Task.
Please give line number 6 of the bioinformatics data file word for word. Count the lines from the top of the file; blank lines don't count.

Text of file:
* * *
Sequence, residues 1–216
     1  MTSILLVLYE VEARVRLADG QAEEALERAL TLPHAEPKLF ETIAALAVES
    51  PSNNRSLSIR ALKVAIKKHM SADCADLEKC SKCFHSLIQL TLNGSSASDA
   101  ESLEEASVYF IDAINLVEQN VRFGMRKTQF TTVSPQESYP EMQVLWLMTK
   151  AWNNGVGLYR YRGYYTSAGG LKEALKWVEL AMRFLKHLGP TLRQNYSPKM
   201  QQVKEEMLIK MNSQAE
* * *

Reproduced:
   201  QQVKEEMLIK MNSQAE